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Putting weight on an emaciated cat.

post #1 of 13
Thread Starter 
My foster is quite emaciated. She weighs just barely 5 pounds and should probably weigh closer to 8 or 9. Is there anyway to quickly get weight on her that isn't unhealthy? The vet's plan of action isn't much of one and hasn't done much.

Right now she is getting mainly moist food (CA Natural) and is on KMR as a supplement per the vet.

Any ideas would be greatly appreciated.
post #2 of 13
You could try kitten food, it's higher in fat and calories then adult food. I wouldn't introduce it too quickly. Weight gain will take time, several months at least. I'm currently trying to get weight on one of my fosters who is hardly eating...i'm keeping him on kitten chow for now (not the best), but i can't think what else to do since he won't eat wet food, won't eat tuna....
post #3 of 13
I have a cat who has to fight to keep weight on, so I free feed her dry food and then give her "treats" of high-calorie canned food four times daily. This has helped trememdously.
post #4 of 13
High quality dry kitten food and Nutri-Cal from your vet.
post #5 of 13
Quote:
Originally Posted by Arlyn
High quality dry kitten food and Nutri-Cal from your vet.
and talk with your vet A/D is great for underwt animals ...
post #6 of 13
Quote:
Originally Posted by CherokeeDreams
My foster is quite emaciated. She weighs just barely 5 pounds and should probably weigh closer to 8 or 9. Is there anyway to quickly get weight on her that isn't unhealthy? The vet's plan of action isn't much of one and hasn't done much.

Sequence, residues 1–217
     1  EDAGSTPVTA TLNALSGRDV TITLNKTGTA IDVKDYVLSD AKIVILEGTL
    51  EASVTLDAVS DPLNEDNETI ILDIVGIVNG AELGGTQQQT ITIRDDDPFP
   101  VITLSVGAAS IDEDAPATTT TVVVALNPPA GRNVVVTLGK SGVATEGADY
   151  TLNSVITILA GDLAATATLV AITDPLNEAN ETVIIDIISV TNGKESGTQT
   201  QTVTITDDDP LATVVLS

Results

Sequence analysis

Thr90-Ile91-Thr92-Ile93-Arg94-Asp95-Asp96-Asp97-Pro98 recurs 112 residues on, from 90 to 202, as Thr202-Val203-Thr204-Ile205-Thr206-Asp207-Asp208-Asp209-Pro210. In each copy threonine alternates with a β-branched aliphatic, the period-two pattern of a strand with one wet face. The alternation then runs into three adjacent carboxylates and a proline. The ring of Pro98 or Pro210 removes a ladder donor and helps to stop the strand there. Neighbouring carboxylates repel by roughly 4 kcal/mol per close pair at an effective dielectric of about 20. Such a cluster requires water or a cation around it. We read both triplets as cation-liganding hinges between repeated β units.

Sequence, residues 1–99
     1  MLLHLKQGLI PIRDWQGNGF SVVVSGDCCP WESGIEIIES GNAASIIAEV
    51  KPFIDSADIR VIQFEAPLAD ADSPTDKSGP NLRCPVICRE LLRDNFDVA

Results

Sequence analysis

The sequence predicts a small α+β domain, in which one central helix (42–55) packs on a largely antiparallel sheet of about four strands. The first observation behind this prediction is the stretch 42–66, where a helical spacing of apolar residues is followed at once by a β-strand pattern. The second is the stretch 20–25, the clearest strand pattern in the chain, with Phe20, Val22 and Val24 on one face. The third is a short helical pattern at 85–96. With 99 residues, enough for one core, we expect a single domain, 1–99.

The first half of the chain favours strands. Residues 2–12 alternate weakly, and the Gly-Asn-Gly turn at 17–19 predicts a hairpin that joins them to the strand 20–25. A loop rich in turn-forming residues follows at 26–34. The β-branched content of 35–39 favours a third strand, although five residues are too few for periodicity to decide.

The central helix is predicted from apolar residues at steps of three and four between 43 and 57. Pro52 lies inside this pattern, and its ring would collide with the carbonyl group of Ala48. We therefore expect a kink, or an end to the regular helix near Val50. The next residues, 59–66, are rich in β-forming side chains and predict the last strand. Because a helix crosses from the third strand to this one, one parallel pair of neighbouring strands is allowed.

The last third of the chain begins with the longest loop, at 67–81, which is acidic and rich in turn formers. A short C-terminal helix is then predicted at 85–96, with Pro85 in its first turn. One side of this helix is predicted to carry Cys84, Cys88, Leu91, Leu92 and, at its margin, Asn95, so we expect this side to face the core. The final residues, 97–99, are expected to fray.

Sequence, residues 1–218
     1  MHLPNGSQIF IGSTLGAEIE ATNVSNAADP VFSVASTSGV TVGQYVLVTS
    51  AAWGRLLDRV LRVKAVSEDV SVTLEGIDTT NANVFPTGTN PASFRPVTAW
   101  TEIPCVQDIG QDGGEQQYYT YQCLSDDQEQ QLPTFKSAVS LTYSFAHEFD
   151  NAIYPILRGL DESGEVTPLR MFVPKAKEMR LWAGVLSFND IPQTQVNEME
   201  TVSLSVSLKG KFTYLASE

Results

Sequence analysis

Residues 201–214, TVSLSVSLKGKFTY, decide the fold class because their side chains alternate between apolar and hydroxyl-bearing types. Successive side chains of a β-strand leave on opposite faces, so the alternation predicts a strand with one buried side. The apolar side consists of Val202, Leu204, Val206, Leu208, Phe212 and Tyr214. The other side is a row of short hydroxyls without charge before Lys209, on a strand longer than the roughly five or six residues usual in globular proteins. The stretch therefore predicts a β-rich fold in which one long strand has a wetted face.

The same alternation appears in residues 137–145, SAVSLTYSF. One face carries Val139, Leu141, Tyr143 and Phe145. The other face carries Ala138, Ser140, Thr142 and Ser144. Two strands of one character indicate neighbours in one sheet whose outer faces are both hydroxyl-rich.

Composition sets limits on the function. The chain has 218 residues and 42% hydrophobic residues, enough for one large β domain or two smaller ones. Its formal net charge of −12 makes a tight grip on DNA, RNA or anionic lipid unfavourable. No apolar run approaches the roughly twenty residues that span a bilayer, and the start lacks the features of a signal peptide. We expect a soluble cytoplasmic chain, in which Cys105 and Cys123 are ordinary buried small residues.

Right now she is getting mainly moist food (CA Natural) and is on KMR as a supplement per the vet.

Any ideas would be greatly appreciated.
Please keep in mind that what I did may not have been the best way, but I was watching this gal with an eagle eye...we rescued Frankie, almost starved to death (back legs couldn't support her when she'd try to pivot), and I simply kept her food bowl full, day and night, with Nutro Natural Choice Kitten food. She gained 3 lbs. in about 3 weeks, I've since changed how I feed her - in part as it appears she may be in early kidney failure, so what she's fed has changed and she went from becoming fairly plump to just a bit overweight.
Frankie was under 6 lbs. and per my vet, should be between 8 to 10 lbs. approximately.
post #7 of 13
I would have the vet run a stool sample. I currently have Sarabi, the skinniest foster I have ever had...and although the first poo sample showed no worms, the second showed roundworms and tapeworms. Maybe your girl has worms, causing her to stay thin.

Is she eating well? I had another foster cat (Sugartoes) who wouldn't eat when she was transferred to another foster home. (The other foster Dad had to spoon feed her to get her to eat anything!) I think she had issues of abandonment. Interestingly, when she was adopted, this was not a problem! Somehow, she knew she was home, and ate just fine!
post #8 of 13
Quote:
Originally Posted by Beckiboo
I would have the vet run a stool sample. I currently have Sarabi, the skinniest foster I have ever had...and although the first poo sample showed no worms, the second showed roundworms and tapeworms. Maybe your girl has worms, causing her to stay thin.

Is she eating well? I had another foster cat (Sugartoes) who wouldn't eat when she was transferred to another foster home. (The other foster Dad had to spoon feed her to get her to eat anything!) I think she had issues of abandonment. Interestingly, when she was adopted, this was not a problem! Somehow, she knew she was home, and ate just fine!